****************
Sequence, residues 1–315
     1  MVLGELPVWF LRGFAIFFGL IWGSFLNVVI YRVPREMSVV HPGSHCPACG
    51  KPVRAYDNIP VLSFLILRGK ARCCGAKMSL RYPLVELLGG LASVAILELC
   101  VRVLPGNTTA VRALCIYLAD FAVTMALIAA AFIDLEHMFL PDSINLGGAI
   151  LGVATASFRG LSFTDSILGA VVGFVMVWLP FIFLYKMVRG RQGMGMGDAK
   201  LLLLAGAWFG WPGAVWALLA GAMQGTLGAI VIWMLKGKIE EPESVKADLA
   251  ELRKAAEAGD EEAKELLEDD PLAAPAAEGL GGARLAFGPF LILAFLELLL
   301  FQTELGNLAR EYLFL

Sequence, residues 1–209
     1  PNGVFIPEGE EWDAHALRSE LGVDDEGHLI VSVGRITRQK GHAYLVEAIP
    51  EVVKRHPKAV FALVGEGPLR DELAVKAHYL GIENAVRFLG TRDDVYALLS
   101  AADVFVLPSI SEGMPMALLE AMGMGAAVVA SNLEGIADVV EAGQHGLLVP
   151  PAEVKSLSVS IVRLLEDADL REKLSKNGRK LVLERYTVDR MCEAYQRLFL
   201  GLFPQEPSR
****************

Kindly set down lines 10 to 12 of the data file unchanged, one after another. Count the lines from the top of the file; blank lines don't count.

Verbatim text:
     1  PNGVFIPEGE EWDAHALRSE LGVDDEGHLI VSVGRITRQK GHAYLVEAIP
    51  EVVKRHPKAV FALVGEGPLR DELAVKAHYL GIENAVRFLG TRDDVYALLS
   101  AADVFVLPSI SEGMPMALLE AMGMGAAVVA SNLEGIADVV EAGQHGLLVP